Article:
The time has come for Akzo Nobel NV to talk to PPG Industries Inc. about a deal. The Dutch paints group was right to resist its U.S. suitor's first two proposals. But the latest, valuing Akzo's equity at 24 billion euros ($26 billion), is clearly a basis for discussion.
PPG says it's willing to buy Akzo for 15 billion euros in cash (adjusting its offer for the target's next dividend payment), plus PPG stock worth 9 billion euros based on the share price in Monday trading. At approximately 96 euros per share that's a 49 percent premium to Akzo's share price in March before PPG's interest emerged.
The premium is well above what would normally facilitate talks. So it should be. Including assumed debt, the pitch values Akzo at some 27 billion euros ($29 Billion) or 12 times this year's forecast Ebitda. Recent big paint deals have gone for about 15 times. Still, it's hard to be certain that Akzo's standalone strategy could get the stock above the offer level in the foreseeable future. Most analysts value Akzo at less on a standalone basis.
There's still plenty to negotiate. PPG has tried to address Akzo's broader stakeholder concerns. It says it will locate certain divisional headquarters in the Netherlands and pay a break fee that would compensate for business damage if the deal failed after a long regulatory review. That fee needs to be big. Moreover, PPG's promises on jobs amount to little more than obeying the law and respecting existing contracts. It's not clear whether this is much more or less fair to employees than Akzo's own cost-cutting plan.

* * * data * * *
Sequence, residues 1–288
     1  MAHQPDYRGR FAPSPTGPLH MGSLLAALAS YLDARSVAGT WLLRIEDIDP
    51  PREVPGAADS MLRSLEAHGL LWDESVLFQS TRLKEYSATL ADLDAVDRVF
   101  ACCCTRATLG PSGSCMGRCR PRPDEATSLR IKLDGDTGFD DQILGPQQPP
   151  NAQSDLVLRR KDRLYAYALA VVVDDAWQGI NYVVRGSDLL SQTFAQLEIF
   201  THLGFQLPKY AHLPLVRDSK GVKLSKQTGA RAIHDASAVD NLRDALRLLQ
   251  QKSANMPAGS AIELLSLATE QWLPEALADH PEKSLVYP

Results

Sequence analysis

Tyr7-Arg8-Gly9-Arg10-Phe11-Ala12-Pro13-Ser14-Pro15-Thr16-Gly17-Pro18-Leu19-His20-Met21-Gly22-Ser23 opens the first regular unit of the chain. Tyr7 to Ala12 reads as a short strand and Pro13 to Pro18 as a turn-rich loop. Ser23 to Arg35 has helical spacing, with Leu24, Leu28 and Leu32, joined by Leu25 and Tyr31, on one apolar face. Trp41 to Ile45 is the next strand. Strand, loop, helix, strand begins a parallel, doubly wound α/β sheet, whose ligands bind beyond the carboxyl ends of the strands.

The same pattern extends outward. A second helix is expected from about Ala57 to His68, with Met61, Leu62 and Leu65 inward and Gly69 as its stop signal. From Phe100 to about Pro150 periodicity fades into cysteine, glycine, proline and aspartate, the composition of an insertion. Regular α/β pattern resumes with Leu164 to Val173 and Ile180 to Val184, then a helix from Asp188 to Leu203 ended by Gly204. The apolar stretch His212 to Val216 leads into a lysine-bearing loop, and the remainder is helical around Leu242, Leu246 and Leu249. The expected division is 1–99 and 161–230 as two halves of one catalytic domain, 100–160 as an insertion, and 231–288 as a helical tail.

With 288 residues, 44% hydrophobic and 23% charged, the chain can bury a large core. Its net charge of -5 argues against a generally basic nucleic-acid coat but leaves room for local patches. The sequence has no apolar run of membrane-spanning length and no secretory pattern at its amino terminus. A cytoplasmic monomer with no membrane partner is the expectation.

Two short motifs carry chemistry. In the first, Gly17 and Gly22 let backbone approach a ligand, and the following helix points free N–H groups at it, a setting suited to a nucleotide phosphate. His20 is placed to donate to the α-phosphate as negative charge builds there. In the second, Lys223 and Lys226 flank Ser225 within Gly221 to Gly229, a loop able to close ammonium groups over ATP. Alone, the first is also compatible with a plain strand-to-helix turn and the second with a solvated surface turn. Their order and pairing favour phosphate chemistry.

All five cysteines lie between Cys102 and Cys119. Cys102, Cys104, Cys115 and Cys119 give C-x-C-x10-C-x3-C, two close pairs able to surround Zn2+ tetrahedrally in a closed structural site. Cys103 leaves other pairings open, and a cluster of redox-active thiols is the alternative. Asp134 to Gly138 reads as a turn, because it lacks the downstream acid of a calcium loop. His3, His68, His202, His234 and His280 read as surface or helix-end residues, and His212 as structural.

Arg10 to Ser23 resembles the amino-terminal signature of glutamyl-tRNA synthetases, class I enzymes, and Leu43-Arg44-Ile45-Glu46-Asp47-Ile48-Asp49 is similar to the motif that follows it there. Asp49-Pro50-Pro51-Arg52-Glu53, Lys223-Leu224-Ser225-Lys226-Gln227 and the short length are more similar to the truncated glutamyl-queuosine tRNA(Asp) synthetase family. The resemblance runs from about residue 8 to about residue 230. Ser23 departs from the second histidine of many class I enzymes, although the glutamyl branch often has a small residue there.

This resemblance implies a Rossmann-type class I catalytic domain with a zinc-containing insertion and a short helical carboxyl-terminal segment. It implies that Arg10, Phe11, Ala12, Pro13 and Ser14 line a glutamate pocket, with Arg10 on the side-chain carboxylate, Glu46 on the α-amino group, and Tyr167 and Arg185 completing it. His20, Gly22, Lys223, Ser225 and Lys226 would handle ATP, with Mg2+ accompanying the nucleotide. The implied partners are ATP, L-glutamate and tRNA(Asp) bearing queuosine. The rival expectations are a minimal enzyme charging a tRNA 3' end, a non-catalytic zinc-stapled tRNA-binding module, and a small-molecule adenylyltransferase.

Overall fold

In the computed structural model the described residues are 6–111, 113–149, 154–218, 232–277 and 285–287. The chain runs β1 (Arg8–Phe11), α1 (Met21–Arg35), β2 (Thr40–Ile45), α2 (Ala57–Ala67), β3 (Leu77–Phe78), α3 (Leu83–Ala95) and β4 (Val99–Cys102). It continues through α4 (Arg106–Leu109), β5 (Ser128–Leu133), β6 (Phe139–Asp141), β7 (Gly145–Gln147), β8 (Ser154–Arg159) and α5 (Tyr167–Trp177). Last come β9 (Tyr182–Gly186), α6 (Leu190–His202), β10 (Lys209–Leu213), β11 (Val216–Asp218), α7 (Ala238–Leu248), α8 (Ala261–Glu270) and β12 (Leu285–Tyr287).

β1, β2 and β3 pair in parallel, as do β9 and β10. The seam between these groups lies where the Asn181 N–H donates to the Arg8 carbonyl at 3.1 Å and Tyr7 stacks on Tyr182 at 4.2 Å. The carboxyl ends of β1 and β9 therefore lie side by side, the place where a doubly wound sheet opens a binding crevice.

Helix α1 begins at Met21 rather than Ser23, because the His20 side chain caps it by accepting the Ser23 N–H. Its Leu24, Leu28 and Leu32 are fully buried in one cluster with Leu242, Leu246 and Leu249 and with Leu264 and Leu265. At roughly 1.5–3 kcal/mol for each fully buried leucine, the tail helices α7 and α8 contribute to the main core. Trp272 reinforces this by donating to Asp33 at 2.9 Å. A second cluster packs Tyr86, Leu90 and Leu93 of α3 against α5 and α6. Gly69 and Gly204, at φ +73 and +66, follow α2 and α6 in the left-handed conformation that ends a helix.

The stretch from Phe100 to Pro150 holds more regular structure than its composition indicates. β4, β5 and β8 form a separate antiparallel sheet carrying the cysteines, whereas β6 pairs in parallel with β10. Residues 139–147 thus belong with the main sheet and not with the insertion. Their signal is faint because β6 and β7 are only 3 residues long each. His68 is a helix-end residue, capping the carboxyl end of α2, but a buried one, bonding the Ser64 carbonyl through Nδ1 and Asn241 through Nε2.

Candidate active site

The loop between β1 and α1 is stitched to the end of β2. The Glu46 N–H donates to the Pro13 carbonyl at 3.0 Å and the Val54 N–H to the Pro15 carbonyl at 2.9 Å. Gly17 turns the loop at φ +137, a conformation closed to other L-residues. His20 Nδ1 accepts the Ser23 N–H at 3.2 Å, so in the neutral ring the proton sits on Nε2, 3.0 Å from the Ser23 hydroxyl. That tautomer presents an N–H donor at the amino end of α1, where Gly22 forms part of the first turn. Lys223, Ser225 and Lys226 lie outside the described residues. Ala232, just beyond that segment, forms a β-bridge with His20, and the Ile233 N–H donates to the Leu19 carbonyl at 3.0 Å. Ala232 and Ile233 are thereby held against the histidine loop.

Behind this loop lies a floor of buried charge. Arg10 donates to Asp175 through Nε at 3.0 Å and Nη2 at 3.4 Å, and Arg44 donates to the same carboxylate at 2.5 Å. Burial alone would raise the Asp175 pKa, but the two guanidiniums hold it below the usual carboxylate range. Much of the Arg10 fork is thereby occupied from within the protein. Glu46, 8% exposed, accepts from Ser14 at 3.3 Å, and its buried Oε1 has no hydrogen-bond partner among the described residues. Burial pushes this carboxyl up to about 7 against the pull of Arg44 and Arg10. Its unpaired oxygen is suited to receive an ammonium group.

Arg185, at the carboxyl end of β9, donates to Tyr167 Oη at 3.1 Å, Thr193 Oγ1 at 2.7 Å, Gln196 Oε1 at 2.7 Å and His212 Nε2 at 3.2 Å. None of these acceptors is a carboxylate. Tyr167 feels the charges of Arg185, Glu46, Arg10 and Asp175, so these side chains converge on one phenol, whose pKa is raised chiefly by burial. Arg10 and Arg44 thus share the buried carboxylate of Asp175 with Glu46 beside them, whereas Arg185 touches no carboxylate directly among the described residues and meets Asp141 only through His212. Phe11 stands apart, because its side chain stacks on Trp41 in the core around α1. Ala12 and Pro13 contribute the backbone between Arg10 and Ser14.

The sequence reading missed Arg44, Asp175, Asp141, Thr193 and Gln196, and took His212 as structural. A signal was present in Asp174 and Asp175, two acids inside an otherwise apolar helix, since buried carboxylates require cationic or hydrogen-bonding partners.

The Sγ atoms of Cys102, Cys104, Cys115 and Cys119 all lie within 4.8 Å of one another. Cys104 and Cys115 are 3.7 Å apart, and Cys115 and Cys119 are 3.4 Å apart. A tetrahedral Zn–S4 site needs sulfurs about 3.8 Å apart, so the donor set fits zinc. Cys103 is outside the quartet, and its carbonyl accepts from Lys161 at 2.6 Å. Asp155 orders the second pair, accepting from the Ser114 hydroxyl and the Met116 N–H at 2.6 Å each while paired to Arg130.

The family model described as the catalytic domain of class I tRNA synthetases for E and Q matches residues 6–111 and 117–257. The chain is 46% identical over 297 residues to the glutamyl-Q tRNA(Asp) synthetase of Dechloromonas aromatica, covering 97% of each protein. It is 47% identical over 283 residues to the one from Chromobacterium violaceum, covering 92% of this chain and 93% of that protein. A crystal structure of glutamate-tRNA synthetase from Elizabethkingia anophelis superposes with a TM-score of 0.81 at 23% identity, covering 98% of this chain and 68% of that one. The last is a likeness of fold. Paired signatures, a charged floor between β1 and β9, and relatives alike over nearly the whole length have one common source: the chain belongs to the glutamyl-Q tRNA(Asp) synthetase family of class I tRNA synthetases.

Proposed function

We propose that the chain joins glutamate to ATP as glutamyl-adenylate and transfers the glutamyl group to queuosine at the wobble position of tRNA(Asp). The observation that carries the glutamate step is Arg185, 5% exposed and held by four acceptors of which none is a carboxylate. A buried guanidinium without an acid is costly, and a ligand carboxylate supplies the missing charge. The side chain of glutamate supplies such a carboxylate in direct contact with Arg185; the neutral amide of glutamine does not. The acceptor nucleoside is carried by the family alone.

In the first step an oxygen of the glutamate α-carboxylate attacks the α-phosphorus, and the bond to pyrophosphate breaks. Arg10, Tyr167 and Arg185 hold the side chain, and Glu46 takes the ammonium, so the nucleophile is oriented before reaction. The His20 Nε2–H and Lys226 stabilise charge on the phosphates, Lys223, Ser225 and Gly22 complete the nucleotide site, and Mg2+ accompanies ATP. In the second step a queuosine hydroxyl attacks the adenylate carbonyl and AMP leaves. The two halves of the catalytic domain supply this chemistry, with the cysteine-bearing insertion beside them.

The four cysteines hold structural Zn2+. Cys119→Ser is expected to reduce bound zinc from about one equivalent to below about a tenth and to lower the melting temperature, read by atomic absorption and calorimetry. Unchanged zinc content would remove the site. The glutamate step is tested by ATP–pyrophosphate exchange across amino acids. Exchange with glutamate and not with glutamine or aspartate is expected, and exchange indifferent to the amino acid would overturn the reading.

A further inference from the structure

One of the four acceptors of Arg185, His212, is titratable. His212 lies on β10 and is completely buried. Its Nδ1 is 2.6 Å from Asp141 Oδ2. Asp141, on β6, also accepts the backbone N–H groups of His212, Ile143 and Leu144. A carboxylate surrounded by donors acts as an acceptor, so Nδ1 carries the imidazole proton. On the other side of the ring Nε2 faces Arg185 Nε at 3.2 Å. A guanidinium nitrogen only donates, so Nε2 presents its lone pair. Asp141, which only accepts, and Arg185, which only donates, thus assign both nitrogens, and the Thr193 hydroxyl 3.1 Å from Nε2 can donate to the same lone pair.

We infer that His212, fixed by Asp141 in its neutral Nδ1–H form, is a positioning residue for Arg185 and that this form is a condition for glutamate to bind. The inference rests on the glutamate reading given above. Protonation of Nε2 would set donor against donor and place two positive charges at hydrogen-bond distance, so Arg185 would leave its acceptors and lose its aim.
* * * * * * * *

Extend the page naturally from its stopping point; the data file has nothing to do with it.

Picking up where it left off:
Akzo's previous objection to the leverage PPG would absorb looks hard to sustain given the bidder remains confident of maintaining an investment-grade credit rating and Akzo itself is planning a substantial cash return. PPG's CEO Michael McGarry is threatening to go hostile if his new offer doesn't bring Akzo to the negotiating table.
Assuming Akzo can be comforted over its stakeholder concerns, could it extract a higher price from PPG for a recommendation? An offer at a clean 100 euros per share would imply an all-in purchase price of 28 billion euros. It's plausible that Akzo could contribute 2.6 billion euros to PPG's operating profit in 2020, taking analyst forecasts plus the bidder's current synergy estimates. After tax, that would suggest a return of 7 percent on the deal after three years. To get to Akzo's cost of capital, estimated by Raymond James at 7.6 percent, PPG would need to find more savings in talks -- or hope its investors tolerate a more distant payback. With PPG's stock rising, its shareholders aren't obviously scared about a deal at these levels.
Akzo's resistance to PPG has nudged the offer price more than might have been possible through engagement earlier. From here, talks might just eke out a bit more still.
This column does not necessarily reflect the opinion of Bloomberg LP and its owners.
(A previous version of this story was updated to include PPG's comments about a hostile approach.)
To contact the author of this story:
Chris Hughes in London at firstname.lastname@example.org
To contact the editor responsible for this story:
James Boxell at email@example.com